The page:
Analysis

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Last Updated on May 6, 2015, by eNotes Editorial. Word Count: 648

The stories told are plot-oriented, the characters are depicted without much depth, and rarely do twists of events take place that are unexpected. Yet, listening to the well known can be wonderfully gratifying, and the stories do send messages, some nicely consoling, some unsettling; those who listened to the stories...

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The stories told are plot-oriented, the characters are depicted without much depth, and rarely do twists of events take place that are unexpected. Yet, listening to the well known can be wonderfully gratifying, and the stories do send messages, some nicely consoling, some unsettling; those who listened to the stories received knowledge of the world. The magic tale strongly makes the point that young people must grow up. In some stories, one sees the consequences of tests not being passed successfully. In “The Seven Foals,” three brothers seek to raise their dirt-poor family out of poverty, but the two older brothers fail by giving in to temptation. The third son, the ne’er-do-well, the underdog—a common formulaic character—rises to the occasion and wins the princess and half the kingdom. In “East o’ the Sun and West o’ the Moon,” a young girl is offered by her family in marriage to a bear; she is unhappy with her matrimonial state. Corrupted by her mother’s wishes, she fails a test and loses her husband to a distant witch. At that point, she realizes that the bear is an accursed prince, knows that she loves him, and overcomes all obstacles to regain him. A passive woman becomes an active, resilient heroine. The point at which a person must mature and go through a rite of passage is stressed through this trial-and-error pattern.

These seemingly sweet and harmonious stories can be used as a means for social criticism. One powerful story is “Mastermaid,” in which a young man is assisted so well by his magical helper—his future spouse—that they manage to escape together with the treasures of a troll. One can see the troll as a repressive force in society and, consequently, claim that he deserves the treatment that he receives as a result of Mastermaid’s trickery. The second part of “Mastermaid,” however, is different. Even though the typical plot of the magic tale is detectable, the main purpose of the rest of the story is to spoof the authorities of the region—such civil servants as the sheriff, the attorney, and the constable—and thereby the text ventures into the genre of the trickster story. The emphasis is on humor, but a humor that has a social sting. “Mastermaid” and many other stories, such as “Tatterhood,” demonstrate that resilient heroines are as common as courageous heroes.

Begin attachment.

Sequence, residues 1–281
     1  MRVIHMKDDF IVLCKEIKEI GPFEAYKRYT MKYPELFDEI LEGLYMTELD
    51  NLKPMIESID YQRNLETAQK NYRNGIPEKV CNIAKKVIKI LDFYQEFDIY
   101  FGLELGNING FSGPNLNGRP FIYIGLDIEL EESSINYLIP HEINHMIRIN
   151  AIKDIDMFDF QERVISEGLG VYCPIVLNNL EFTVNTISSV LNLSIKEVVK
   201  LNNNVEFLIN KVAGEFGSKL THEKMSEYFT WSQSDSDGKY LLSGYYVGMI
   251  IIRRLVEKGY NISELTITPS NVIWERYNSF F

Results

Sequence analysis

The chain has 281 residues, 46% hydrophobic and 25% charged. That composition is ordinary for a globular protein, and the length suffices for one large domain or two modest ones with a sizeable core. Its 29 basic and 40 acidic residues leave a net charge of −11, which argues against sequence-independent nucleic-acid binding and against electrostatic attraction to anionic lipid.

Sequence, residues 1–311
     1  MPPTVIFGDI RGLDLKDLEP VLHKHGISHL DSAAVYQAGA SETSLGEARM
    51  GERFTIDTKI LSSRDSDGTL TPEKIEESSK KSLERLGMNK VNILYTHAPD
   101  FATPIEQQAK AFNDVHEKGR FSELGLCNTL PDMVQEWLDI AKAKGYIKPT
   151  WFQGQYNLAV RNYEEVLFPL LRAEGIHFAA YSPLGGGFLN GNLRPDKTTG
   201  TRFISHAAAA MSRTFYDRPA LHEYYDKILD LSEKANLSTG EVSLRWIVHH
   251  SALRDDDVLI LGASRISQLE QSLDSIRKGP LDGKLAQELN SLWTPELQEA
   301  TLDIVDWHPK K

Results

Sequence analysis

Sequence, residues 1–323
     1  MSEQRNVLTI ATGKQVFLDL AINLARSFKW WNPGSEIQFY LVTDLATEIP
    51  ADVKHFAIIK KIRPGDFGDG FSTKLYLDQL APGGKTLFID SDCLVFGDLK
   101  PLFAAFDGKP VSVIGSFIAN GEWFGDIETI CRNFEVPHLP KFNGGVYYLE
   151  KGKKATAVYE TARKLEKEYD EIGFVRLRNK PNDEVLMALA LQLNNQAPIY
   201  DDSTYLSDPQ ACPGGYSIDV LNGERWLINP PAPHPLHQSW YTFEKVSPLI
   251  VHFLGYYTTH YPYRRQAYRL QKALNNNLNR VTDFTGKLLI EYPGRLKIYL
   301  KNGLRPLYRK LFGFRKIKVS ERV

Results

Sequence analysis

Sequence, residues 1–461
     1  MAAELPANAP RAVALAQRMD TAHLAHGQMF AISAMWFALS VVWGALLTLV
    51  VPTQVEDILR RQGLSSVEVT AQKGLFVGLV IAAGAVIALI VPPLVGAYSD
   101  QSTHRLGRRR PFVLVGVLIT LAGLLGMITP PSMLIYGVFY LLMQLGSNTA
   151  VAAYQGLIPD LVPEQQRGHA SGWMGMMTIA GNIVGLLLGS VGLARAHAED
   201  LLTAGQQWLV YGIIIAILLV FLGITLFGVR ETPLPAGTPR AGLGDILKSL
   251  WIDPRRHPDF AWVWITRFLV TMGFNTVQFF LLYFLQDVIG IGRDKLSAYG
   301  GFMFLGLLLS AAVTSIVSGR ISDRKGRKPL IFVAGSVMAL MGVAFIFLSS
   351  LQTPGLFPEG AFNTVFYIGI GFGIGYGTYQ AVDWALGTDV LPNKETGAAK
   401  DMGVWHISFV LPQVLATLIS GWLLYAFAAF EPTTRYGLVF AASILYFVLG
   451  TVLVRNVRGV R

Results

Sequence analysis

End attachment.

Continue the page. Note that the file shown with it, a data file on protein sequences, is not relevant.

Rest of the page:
Much further removed from the mood and tone of the magic tale and much coarser are “Gudbrand of the Hill-Side,” “Goosey Grizzel,” and “The Husband Who Was to Mind the House.” Humanity is viewed with considerable skepticism, and stupidity often seems to guide the characters. In “Big Peter and Little Peter,” morality is left behind: As the younger brother tricks and cheats his older sibling, readers realize that success can be achieved by victimizing innocent people, and even by murder. The most grim of the trickster stories bluntly contradict the optimistic messages of the magic tales and reveal a world of mediocrity in which the smart, immoral person succeeds through dirty deeds.

Most of the fables in this collection tend to borrow the structure of the trickster stories or anecdotes. The characters are animals that fall in the categories of tricksters and victims. In the famous tale “The Three Billy Goats Gruff,” the two younger goats persuade a troll not to eat them because they have a fatter brother behind them, and that gruff brother does in the troll. While justice seems to be served in some of these fables, others have more dubious outcomes. In “Well Done and Ill Paid,” the fox helps a farmer chase away a bear by pretending to be a master marksman. Instead of rewarding the fox, however, the farmer—upon his wife’s request—has his dogs chase the fox, which is why the fox utters the words of the story’s title.

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Critical Context